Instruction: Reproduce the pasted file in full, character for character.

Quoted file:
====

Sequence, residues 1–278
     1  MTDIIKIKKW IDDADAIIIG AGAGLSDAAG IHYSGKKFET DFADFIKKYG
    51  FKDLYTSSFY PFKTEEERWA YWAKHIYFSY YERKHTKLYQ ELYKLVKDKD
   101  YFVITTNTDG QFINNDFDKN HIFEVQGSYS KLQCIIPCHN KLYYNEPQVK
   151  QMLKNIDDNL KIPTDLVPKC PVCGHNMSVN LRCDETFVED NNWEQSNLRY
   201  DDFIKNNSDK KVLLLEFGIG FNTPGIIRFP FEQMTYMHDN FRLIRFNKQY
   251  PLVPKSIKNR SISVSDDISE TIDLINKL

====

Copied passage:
Sequence, residues 1–278
     1  MTDIIKIKKW IDDADAIIIG AGAGLSDAAG IHYSGKKFET DFADFIKKYG
    51  FKDLYTSSFY PFKTEEERWA YWAKHIYFSY YERKHTKLYQ ELYKLVKDKD
   101  YFVITTNTDG QFINNDFDKN HIFEVQGSYS KLQCIIPCHN KLYYNEPQVK
   151  QMLKNIDDNL KIPTDLVPKC PVCGHNMSVN LRCDETFVED NNWEQSNLRY
   201  DDFIKNNSDK KVLLLEFGIG FNTPGIIRFP FEQMTYMHDN FRLIRFNKQY
   251  PLVPKSIKNR SISVSDDISE TIDLINKL